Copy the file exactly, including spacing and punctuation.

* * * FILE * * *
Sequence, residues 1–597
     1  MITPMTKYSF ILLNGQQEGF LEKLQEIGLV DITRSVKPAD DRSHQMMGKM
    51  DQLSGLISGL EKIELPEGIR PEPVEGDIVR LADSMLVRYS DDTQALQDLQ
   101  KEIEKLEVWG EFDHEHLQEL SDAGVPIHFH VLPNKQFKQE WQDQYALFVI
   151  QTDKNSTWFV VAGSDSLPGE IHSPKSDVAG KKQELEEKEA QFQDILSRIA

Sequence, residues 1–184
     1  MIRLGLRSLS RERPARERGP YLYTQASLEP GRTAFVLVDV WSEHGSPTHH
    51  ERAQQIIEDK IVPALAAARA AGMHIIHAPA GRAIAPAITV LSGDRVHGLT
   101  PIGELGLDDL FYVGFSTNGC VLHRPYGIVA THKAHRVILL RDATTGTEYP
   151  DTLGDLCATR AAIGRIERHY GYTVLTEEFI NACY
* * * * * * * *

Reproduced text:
Sequence, residues 1–597
     1  MITPMTKYSF ILLNGQQEGF LEKLQEIGLV DITRSVKPAD DRSHQMMGKM
    51  DQLSGLISGL EKIELPEGIR PEPVEGDIVR LADSMLVRYS DDTQALQDLQ
   101  KEIEKLEVWG EFDHEHLQEL SDAGVPIHFH VLPNKQFKQE WQDQYALFVI
   151  QTDKNSTWFV VAGSDSLPGE IHSPKSDVAG KKQELEEKEA QFQDILSRIA

Sequence, residues 1–184
     1  MIRLGLRSLS RERPARERGP YLYTQASLEP GRTAFVLVDV WSEHGSPTHH
    51  ERAQQIIEDK IVPALAAARA AGMHIIHAPA GRAIAPAITV LSGDRVHGLT
   101  PIGELGLDDL FYVGFSTNGC VLHRPYGIVA THKAHRVILL RDATTGTEYP
   151  DTLGDLCATR AAIGRIERHY GYTVLTEEFI NACY